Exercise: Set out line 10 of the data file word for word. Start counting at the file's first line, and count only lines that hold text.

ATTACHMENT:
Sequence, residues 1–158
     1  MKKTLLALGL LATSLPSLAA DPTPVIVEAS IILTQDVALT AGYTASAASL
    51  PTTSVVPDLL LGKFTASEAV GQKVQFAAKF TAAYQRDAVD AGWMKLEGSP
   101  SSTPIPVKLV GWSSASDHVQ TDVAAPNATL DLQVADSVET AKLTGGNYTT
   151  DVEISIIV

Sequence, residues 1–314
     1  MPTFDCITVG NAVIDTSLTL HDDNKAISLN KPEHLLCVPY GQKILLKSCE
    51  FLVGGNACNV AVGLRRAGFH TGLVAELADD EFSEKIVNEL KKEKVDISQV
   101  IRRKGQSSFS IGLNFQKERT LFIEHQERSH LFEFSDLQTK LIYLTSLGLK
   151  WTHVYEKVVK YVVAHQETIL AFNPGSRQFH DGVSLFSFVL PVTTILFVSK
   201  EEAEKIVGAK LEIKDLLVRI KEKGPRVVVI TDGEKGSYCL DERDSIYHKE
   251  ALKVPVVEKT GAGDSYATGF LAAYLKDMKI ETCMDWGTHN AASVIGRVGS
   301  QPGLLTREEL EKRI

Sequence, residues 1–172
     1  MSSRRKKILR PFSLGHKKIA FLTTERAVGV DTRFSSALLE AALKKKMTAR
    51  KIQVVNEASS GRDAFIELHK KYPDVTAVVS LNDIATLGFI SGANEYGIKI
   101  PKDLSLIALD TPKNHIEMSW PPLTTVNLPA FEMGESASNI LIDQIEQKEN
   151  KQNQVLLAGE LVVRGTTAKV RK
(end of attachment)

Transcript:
   151  WTHVYEKVVK YVVAHQETIL AFNPGSRQFH DGVSLFSFVL PVTTILFVSK